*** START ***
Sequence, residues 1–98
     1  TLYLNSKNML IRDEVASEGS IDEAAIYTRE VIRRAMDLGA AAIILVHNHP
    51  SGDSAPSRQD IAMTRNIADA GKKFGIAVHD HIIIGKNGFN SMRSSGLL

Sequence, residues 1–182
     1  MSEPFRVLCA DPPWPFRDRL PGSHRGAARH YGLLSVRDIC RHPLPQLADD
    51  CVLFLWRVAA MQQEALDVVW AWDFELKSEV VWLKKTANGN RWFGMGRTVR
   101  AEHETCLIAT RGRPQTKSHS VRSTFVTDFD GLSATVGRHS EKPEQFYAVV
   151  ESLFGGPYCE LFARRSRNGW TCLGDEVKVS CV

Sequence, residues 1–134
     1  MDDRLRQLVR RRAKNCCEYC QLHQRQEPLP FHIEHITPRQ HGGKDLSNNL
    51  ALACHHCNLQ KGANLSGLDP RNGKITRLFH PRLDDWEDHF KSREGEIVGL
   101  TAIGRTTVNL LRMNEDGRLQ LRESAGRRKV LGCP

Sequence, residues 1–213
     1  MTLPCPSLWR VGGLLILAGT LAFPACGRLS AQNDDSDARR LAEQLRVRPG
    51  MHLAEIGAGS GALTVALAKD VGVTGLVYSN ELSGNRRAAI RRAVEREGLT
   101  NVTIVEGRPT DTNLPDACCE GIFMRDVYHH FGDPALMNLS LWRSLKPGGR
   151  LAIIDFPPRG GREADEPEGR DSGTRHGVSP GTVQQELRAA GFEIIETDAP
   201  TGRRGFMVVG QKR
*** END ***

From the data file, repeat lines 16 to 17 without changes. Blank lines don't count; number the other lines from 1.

   101  NVTIVEGRPT DTNLPDACCE GIFMRDVYHH FGDPALMNLS LWRSLKPGGR
   151  LAIIDFPPRG GREADEPEGR DSGTRHGVSP GTVQQELRAA GFEIIETDAP